It’s been an interesting couple of days around here. Granddaughter Cait showed up with the first copy of LIGHT THE HIDDEN THINGS from Raven’s Call Press. It’s always exciting to hold a new book. As much as I admire the ebooks, I’m still a big fan of real ink on real paper. One of the best things about a conventional (if you will) book is the cover. I think Cait and the young woman who put ours together sent it out of the park. Like any author, I work hard to produce the best work I can. It only stands to reason I want it presented to the reader in the best possible light. I think they pulled it off. We’ll have a better idea of that come publishing date, which we expect will be around the end of May. (I have to laugh at that “end of May” thing. On the carnival lot they spoke of “first of May-ers.” Those were the people who turned up for jobs when the shows hit the road for the season. Some folks would be surprised by the number of similarities between being a carny and a writer. Others wouldn’t.) Anyhow, the cover – and the entire book – are just about ready for the public. It’s an important realization for any writer. We like to think our theme, presented either in electrons or ink, has significance to those who read our pages. No matter how deeply you feel about that theme, however, our first responsibility is to engage the reader. Not necessarily entertain. We’re not show biz. But the story has to pull the reader into the world we’re creating. Sometimes we kid ourselves that the message is so important it’ll carry a weak story. The exact opposite is true; if you want people to hear your song, sing loud and sing well. You can’t kid the public. Story is what we do, or else we fail. There’s no middle ground.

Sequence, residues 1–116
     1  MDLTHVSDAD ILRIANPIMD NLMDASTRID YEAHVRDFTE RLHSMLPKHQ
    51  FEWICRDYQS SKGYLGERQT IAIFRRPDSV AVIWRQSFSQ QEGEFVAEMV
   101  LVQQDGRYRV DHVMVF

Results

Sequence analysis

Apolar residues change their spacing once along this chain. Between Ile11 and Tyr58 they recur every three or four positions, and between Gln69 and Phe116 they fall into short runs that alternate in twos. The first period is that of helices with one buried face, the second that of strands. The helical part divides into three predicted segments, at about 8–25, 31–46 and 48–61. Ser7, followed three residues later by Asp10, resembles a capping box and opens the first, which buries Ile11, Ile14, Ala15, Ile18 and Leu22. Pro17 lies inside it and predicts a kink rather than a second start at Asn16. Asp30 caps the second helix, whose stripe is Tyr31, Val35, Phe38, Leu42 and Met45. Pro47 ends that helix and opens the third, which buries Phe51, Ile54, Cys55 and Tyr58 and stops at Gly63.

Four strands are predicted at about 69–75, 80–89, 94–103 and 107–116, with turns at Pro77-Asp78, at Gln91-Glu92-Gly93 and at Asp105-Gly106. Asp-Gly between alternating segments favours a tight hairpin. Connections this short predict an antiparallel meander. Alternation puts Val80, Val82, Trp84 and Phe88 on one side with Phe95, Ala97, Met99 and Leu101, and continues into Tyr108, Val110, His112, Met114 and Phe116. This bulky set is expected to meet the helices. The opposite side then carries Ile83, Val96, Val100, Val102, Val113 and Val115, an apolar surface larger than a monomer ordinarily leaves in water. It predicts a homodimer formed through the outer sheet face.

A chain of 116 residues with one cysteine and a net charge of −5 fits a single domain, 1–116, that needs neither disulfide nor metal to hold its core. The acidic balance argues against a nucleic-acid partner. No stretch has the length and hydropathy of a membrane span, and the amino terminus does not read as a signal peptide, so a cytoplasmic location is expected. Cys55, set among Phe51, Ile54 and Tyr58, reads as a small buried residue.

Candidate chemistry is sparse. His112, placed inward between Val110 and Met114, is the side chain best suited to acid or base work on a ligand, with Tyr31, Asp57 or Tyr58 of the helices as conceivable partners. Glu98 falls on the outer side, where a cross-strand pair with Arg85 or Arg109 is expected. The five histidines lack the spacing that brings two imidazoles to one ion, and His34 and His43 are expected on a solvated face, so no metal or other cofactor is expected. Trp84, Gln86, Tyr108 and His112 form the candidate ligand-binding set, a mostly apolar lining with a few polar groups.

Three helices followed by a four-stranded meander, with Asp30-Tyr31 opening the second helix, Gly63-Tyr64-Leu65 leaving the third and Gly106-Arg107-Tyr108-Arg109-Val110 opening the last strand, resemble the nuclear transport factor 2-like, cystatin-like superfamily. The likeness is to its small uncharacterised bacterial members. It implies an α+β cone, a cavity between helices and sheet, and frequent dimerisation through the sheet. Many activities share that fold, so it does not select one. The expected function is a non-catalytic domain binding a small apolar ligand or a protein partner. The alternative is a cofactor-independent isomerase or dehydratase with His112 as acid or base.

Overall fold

So it’s time for an adventure, something new. I know other writers have experienced the same thing. For that matter, every time we type 1 on that first page, we’re off in a current that started somewhere back yonder and is already racing us downstream to a place we’re not absolutely certain is there. It’s a grand challenge. This book is particularly so for me. I can say without any hint of defensiveness that it’s women’s fiction. Never tried that before. I only did it this time because I think women undervalue themselves in the matter of PTSD. It’s an affliction that owes much of its present attention to our present military commitments. Unfortunately, one can suffer the same issues as a result of financial disruption or family dysfunction or natural disaster. I see the one unifying factor that soothes the pain is the ability of so many women to literally sense the needs of the afflicted. The professionals who tend to our interior damage are magnificent. But my own observations tell me that a man who’s troubled by PTSD has a much better chance of complete rehabilitation if he has access to both. Personally, I’m pretty much convinced that any man lucky enough to have a woman beside him who loves him is already on his way to recovery. I can’t understand it. We don’t articulate our deepest needs with any ability at all, much less skill. Women don’t care. They translate. At best, they simply understand. Whether or not LIGHT THE HIDDEN THINGS establishes the message in the proper story form is what the readership will tell us.
One quick point here. I’ve consistently referred to men in relation to PTSD victimization. That’s because I don’t have enough experience of women suffering the problem to address it with any authority whatsoever. There’s no question they do and there’s no question in my mind that they help each other as effectively as they help their men. Nor do I doubt that many men are as competent as women, when that relationship is the reverse of what I’ve presented in the book. What I’ve done is try to live up to my responsibilities as a story-teller. I’m not in the textbook business, and I’m certainly not messing around with any us-vs.-them war of the sexes hooraw. Being a writer’s crazy enough to suit my needs, thank you.